Stephen Colbert Roasts the Pope

Stephen Colbert, who (when in character) calls himself America’s most famous Catholic, spoke at the Al Smith Dinner last month. Colbert, who maintains a friendship with Cardinal Timothy Dolan, brought his usual irreverent humor for the crowd, including a few zingers for the Pope. Here’s hoping that one difference between Pope Francis and his predecessor is a sense of humor. Something tells me that Pope Francis would have like Colbert’s shtick, assuming the bit translates well into Spanish. If you want to listen to the whole speech you can find it here.

Here are a few of the highlights from John Blake’s coverage at CNN:

“As an observant Catholic, I believe the Pope is infallible,” said Colbert, a Communion-class teacher at a parish in New Jersey. “But he’s also wrong about a lot of things.”

Colbert … poked fun at the new Pope’s humble lifestyle, saying that if the pontiff were in charge of the white-tie charity event … “His Humbleness would be out washing the feet of the coat-check guy or something,” Colbert quipped. “We get it, you’re modest.”

“But it’s not just his humble lifestyle. He’s off message. He says Catholics need to stop obsessing about homosexuality, contraception and abortion. For Pete’s sake, we need something to obsess about now that `Breaking Bad’ is over.”

“Being Catholic is like being in the Admiral’s Club of Christianity: Membership has its privileges,” Colbert joked. “But if even atheists can be redeemed, what’s next, Lutherans?  It’s madness.”

Dolan, the portly archbishop of New York and a rising star in the Catholic Church, came this close to being elected pope himself earlier this year, Colbert said. “But he blew it in the swimsuit competition. I would have gone with the one-piece.”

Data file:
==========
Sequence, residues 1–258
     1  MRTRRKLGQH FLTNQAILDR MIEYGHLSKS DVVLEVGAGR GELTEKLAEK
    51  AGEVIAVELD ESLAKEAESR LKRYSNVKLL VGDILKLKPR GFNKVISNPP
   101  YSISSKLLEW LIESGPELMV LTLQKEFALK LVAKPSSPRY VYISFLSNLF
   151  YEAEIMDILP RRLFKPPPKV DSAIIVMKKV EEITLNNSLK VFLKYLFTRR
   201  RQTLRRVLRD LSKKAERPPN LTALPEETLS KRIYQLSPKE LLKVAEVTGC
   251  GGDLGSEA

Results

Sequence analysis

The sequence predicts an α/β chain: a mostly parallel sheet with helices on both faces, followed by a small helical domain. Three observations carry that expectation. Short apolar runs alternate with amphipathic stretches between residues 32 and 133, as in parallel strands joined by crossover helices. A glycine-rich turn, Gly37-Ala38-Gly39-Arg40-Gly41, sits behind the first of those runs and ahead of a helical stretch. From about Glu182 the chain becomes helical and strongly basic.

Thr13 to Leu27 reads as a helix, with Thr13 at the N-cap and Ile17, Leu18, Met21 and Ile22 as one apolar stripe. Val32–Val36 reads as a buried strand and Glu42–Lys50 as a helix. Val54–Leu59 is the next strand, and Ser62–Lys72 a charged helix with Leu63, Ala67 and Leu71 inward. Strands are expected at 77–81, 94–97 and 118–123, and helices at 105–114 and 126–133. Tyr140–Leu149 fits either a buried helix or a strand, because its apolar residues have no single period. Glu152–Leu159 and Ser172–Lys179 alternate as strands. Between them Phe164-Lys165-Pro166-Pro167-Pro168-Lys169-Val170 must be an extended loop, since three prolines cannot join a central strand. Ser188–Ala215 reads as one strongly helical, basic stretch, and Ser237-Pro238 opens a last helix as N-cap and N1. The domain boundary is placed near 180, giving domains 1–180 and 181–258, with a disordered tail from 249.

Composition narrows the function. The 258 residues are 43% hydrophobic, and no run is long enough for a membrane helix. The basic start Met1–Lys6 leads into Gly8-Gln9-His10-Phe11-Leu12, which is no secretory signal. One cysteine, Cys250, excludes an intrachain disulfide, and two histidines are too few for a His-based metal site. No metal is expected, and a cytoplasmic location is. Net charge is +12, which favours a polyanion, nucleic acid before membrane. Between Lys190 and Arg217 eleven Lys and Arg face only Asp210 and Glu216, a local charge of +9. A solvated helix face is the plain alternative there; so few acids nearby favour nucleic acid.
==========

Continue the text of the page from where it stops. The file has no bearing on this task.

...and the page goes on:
On Thursday night, Dolan, who was dressed in a cardinal’s traditional small black cape with red trimming, looked like “a matador who’s really let himself go,” Colbert joked. “Did you not see the invite? It said white-tie, not ‘flamboyant Zorro.”

Here are a few other lines from the talk from Colbert’s news hub.

“I am proud to be America’s most famous Catholic,” Colbert declared, turning to Dolan, who was sitting next to him on a dais that included Gov. Andrew Cuomo, CBS anchor Scott Pelley and others. “And I’m sure the cardinal is thinking, ‘Stephen, pride is a sin.’ Well, cardinal, so is envy, so we’re even.”

About 1,000 people paid $1,500 apiece to attend the dinner, which Colbert referred to as “Catholic Thanksgiving” because it falls on the third Thursday of every October.

“It’s like we all showed up at the same Halloween party dressed as the Monopoly guy,” he said. “And you know that’s kind of fitting because the Wall Street guys apparently have a get-out-of-jail free card.”

 

About Tim Suttle

Tim Suttle is a pastor, writer, and musician. He is the author of several books: Shrink: Faithful Ministry in a Church Growth Culture (Zondervan 2014), Public Jesus (The House Studio, 2012), and An Evangelical Social Gospel? (Cascade Books, 2011). Tim's work has been featured at The Huffington Post, The Washington Post, Sojourners, and other magazines and journals. Tim is also the founder and front-man of the popular Christian band Satellite Soul, with whom he toured for nearly a decade. He has planted three successful churches over the past 13 years and is the Senior Pastor of Redemption Church in Olathe, Kan. Tim's blog, Paperback Theology, is hosted at Patheos.


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